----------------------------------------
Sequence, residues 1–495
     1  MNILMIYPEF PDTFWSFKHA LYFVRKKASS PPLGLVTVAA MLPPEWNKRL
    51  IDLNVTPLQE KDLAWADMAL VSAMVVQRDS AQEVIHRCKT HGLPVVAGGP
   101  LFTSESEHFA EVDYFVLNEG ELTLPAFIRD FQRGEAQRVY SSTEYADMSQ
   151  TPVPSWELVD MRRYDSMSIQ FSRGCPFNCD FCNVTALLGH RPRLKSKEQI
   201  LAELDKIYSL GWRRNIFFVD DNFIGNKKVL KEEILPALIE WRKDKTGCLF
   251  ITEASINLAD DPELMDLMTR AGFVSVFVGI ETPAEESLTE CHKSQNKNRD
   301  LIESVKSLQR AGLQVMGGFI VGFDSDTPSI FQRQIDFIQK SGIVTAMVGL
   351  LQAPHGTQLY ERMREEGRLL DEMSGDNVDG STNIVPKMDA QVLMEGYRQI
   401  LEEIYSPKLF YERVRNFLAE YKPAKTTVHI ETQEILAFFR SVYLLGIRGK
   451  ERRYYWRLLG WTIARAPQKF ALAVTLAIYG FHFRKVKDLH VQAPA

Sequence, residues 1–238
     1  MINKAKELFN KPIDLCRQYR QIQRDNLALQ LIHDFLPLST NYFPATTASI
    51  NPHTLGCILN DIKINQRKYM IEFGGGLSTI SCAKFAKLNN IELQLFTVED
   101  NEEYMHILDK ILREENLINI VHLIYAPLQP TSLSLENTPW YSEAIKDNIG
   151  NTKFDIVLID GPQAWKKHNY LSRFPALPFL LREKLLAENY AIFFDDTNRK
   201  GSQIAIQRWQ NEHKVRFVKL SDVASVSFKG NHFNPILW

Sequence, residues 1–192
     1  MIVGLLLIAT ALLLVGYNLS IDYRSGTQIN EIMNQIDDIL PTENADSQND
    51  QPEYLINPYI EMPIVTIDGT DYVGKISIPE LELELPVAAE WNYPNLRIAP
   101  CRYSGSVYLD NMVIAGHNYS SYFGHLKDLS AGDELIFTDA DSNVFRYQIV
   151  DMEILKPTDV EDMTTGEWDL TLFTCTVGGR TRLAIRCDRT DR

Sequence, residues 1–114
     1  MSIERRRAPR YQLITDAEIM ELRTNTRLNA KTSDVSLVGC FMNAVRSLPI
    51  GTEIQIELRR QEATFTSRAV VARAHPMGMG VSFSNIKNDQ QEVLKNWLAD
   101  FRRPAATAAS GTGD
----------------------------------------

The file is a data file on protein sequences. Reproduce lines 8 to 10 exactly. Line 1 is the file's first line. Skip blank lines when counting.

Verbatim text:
   301  LIESVKSLQR AGLQVMGGFI VGFDSDTPSI FQRQIDFIQK SGIVTAMVGL
   351  LQAPHGTQLY ERMREEGRLL DEMSGDNVDG STNIVPKMDA QVLMEGYRQI
   401  LEEIYSPKLF YERVRNFLAE YKPAKTTVHI ETQEILAFFR SVYLLGIRGK